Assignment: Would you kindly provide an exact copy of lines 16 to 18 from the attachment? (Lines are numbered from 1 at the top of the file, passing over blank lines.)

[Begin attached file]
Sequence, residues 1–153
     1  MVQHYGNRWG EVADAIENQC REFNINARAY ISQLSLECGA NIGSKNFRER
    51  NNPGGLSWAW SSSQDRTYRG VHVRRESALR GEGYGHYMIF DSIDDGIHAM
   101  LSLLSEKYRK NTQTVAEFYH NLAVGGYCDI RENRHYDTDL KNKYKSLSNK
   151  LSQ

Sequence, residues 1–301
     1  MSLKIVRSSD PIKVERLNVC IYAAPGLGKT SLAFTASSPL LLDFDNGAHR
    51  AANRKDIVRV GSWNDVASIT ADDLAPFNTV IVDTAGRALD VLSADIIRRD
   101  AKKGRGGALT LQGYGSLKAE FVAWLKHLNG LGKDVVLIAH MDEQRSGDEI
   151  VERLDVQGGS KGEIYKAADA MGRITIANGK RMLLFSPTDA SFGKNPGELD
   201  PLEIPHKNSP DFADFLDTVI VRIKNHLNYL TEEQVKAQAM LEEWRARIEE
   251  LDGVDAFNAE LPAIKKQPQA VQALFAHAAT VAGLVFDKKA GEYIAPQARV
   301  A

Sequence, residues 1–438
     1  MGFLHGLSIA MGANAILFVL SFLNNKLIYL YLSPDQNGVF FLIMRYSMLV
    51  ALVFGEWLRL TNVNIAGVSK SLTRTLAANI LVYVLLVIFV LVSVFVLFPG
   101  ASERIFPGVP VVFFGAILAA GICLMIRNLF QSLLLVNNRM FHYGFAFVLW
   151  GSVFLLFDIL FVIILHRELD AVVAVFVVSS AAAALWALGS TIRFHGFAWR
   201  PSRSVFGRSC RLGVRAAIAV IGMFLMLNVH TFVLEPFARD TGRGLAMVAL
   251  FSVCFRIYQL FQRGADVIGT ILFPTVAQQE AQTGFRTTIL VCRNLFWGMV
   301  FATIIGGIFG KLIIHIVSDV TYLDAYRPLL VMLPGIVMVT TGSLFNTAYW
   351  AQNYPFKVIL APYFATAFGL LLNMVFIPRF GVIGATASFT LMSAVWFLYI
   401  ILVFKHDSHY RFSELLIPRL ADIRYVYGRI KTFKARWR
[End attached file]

    51  ALVFGEWLRL TNVNIAGVSK SLTRTLAANI LVYVLLVIFV LVSVFVLFPG
   101  ASERIFPGVP VVFFGAILAA GICLMIRNLF QSLLLVNNRM FHYGFAFVLW
   151  GSVFLLFDIL FVIILHRELD AVVAVFVVSS AAAALWALGS TIRFHGFAWR